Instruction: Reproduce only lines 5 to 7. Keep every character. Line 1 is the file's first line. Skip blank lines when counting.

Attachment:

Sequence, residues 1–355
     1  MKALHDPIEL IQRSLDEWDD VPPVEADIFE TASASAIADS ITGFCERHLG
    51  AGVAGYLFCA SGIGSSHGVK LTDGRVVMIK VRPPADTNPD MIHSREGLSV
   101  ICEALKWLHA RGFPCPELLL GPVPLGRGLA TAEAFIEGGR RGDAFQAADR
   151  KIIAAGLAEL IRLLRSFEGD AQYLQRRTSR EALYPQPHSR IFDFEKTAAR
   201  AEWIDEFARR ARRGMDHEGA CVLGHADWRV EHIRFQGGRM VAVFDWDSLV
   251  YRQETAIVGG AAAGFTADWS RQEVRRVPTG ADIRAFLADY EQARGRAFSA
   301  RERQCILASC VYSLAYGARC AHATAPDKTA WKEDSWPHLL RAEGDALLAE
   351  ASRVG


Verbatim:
   151  KIIAAGLAEL IRLLRSFEGD AQYLQRRTSR EALYPQPHSR IFDFEKTAAR
   201  AEWIDEFARR ARRGMDHEGA CVLGHADWRV EHIRFQGGRM VAVFDWDSLV
   251  YRQETAIVGG AAAGFTADWS RQEVRRVPTG ADIRAFLADY EQARGRAFSA